How to Use Credit for Everything You Buy
About five years ago, I got into some
As soon as I started earning enough
I only really started using credit again about a year ago. My debt was paid off, and I knew I was missing out on some credit card rewards and protections by only using debit.
Now I use credit for as many purchases as possible. The only time I pull out my debit card is when I need to get cash back at the grocery store. Otherwise, I swipe one of my credit cards and collect miles or cash back rewards. I'd use credit for everything , if I could.
But I had to figure out how to assure myself that I could always pay off the bill, in full, every month. That I would not let myself fall into credit card debt again.
I know that the short answer is "just don't spend more than you earn," but if it were that easy, then none of us would ever get into credit card debt. So we need a few additional strategies.
Here's what worked for me, as I worked my way back to using credit for the majority of my purchases:
Build up a savings buffer
I have two built-in buffers to ensure I always have enough money to pay off my credit cards: a $3,000 buffer in my checking account, and a savings account. If my checking account dips below $3,000, I use my next few paychecks to pay myself back-which is to say that I deliberately plan not to spend a certain percentage of each paycheck because it's owed to the buffer.
I also put 15% of each paycheck into a savings account. That money isn't for my credit card bill-it's for my emergency fund, the money that gets distributed into my Roth IRA, and future life goals like down payments-but I know that I can pay off my credit cards with that money if I absolutely have to .
At this point you're probably thinking one of two things:
- I could never set aside $3,000 plus 15% of each paycheck.
- You only have $3,000 in your savings account?! I prefer a cool $10K.
I'll leave that there to remind you that we spend and save based on what we earn, so set your savings buffer in a way that makes sense with your own earnings. But if you're going put all your purchases on credit, you need some kind of a buffer in case you spend more than you earn in a single month.
Plan as much of your spending in advance as possible
If you want to make sure you don't spend more than you earn, you have to plan your spending.
Notice I didn't say "budget." I'm not a huge fan of budgets as many people use them, which is to say they guess how much money they'll spend on certain categories. They'll put $300 into "restaurants" and $500 into "clothing" because it feels about right , or because their budgeting software told them that's the average amount they spend in that category every month.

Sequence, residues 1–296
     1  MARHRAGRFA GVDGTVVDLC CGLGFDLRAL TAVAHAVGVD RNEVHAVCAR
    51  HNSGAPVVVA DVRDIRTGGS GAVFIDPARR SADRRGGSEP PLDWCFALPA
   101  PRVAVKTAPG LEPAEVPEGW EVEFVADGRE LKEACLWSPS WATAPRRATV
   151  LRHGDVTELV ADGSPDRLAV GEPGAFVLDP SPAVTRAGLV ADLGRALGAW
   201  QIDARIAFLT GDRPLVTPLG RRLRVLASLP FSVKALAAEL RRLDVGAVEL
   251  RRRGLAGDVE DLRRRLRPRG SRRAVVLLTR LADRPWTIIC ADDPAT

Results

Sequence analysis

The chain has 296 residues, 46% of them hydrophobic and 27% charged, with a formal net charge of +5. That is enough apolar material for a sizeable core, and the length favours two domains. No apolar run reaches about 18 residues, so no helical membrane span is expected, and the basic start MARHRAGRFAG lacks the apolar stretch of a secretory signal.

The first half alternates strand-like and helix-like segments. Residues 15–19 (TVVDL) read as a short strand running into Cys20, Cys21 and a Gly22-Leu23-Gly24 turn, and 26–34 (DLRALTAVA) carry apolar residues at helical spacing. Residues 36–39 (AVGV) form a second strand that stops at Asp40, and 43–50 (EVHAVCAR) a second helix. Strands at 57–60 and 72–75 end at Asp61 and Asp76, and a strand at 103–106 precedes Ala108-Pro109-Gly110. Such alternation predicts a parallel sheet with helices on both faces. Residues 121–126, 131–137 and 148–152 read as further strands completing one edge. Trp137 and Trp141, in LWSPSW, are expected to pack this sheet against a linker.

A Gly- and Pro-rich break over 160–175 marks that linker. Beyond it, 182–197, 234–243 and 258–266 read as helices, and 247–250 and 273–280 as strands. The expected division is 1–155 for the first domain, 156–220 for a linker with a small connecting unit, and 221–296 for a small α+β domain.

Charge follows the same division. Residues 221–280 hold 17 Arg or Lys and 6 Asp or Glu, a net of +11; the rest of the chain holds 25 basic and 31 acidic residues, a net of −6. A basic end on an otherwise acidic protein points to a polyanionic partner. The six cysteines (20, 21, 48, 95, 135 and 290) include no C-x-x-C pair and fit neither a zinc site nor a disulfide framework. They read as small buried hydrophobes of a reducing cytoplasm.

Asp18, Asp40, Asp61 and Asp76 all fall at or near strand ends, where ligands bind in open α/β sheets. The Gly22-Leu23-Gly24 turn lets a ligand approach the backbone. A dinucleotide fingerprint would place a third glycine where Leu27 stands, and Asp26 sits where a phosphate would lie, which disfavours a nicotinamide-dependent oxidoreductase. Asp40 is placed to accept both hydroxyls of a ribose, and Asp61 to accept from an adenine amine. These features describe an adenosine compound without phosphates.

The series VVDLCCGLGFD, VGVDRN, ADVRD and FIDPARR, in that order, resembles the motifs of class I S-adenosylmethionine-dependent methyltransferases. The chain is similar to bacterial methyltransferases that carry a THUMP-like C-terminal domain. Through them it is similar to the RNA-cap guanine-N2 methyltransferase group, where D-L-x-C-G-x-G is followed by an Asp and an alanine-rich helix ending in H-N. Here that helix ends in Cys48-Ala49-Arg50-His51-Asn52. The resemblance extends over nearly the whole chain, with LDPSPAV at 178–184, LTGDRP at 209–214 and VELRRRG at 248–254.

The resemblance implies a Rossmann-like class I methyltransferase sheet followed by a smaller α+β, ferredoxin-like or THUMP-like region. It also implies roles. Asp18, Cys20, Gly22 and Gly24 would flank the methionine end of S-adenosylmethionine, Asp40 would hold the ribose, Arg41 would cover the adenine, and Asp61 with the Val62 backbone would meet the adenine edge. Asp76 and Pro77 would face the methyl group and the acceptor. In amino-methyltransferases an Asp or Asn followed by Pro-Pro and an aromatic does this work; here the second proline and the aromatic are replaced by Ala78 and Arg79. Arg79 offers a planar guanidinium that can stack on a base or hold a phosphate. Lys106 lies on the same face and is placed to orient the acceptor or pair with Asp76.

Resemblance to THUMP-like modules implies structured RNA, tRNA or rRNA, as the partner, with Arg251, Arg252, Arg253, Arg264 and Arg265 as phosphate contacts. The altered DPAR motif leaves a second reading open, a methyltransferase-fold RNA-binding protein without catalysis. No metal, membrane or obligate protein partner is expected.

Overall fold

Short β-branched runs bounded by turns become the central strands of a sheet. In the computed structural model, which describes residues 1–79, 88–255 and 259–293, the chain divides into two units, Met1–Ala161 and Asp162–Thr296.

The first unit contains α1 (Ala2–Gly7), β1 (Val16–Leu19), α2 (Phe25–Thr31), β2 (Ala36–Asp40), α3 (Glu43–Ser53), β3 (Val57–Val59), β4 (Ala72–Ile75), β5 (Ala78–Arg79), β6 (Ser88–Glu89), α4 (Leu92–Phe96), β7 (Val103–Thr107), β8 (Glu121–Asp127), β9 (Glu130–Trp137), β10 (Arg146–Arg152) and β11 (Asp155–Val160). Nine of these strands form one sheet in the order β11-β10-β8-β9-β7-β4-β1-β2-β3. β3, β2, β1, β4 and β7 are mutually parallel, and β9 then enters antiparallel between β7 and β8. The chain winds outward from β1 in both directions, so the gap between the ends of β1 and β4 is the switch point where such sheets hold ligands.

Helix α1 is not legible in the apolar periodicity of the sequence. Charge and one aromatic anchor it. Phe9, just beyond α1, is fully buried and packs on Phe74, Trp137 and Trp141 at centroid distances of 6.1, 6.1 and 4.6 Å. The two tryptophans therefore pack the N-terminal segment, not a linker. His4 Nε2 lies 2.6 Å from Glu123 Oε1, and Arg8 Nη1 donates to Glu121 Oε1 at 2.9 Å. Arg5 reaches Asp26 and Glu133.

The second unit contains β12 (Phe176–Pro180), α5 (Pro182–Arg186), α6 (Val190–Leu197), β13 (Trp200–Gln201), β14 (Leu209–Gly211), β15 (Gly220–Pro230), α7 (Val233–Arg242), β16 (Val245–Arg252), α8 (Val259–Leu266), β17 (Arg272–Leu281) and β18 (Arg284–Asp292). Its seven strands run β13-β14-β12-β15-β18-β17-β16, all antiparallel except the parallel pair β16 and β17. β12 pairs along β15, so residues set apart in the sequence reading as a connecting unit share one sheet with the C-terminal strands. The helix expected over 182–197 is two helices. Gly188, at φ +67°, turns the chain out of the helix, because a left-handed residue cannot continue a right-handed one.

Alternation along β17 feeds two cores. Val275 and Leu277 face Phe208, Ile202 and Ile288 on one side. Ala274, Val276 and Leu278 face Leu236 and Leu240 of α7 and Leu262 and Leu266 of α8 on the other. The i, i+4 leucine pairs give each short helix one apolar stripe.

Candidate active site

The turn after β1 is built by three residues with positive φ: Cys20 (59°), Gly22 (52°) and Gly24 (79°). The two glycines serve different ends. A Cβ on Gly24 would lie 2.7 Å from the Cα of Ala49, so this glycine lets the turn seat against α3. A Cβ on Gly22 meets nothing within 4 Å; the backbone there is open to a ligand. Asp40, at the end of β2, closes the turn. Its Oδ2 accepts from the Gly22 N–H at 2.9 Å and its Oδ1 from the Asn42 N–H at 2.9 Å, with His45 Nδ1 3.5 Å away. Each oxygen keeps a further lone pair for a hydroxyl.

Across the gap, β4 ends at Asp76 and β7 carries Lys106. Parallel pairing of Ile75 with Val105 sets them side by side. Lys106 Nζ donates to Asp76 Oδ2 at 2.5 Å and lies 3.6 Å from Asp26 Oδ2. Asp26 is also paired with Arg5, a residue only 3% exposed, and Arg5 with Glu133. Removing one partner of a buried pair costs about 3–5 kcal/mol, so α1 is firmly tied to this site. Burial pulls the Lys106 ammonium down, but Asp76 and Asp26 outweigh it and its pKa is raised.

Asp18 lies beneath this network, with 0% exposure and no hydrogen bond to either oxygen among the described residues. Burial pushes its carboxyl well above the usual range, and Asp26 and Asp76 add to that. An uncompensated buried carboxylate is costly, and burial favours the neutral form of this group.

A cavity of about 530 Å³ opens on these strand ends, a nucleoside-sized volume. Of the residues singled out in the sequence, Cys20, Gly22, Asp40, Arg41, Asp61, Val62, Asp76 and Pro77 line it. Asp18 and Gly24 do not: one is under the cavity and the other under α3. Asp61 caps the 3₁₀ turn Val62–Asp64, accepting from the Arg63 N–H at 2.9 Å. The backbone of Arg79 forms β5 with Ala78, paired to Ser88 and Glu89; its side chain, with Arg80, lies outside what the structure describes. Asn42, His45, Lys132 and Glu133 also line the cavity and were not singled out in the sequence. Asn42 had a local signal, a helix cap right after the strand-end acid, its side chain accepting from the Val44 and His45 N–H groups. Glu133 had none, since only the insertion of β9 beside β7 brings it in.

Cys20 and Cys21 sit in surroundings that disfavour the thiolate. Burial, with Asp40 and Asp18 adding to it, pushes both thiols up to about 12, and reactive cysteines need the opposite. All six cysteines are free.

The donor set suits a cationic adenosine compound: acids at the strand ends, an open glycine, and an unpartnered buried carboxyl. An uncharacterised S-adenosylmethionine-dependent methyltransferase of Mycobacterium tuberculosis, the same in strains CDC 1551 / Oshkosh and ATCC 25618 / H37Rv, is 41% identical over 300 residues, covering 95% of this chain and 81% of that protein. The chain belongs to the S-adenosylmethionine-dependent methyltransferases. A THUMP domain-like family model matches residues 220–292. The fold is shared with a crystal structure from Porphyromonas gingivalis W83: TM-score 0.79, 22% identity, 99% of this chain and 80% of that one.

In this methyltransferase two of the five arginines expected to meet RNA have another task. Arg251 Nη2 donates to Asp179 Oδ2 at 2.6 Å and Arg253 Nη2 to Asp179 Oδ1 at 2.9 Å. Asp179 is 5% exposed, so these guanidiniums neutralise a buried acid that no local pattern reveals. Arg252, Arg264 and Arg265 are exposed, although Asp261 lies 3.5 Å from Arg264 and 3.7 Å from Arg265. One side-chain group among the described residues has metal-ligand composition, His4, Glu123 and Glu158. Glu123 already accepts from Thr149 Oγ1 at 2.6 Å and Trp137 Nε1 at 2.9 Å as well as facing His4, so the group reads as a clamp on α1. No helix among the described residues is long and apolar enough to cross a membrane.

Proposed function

I like to look at the entire month and figure out how much I'm likely to spend. Do I have any restaurant meals on the schedule? What are those meals likely to cost? What kind of travel will I be doing this month? Are there birthdays or holidays that require gifts? Is this the month that my Amazon Prime bill comes due?
By planning my spending in advance, I can figure out exactly what I can afford to buy-and which purchases will have to be cut, economized, or postponed until the future.
Don't plan to spend every dollar you earn
Something always comes up before the end of the month, so if you can afford to not spend your entire paycheck , don't. You still might spend it all, because something always comes up before the end of the month, but you'll be less likely to go over.
Let your apps help you
Check your credit card balances. Daily, if you want. If you're using an app like Mint or YNAB, you can get push notifications when you've overspent in a certain budget category. Know how much you're spending, so you know when you're spending too much.
At this point, you might be thinking that these are less "how to use credit card" tips than "how to manage your money" tips. That's because credit cards are there to help you manage your money. I mean, technically they exist so the banks can collect a bunch of interest, but from your point of view credit cards are designed to help you smooth your cashflow, earn rewards and protections, build your credit score, and manage your finances.
If you keep that point of view at the front of your mind as you plan and track your spending, you can use credit cards for every purchase without being afraid that you'll run up a bill you can't pay off.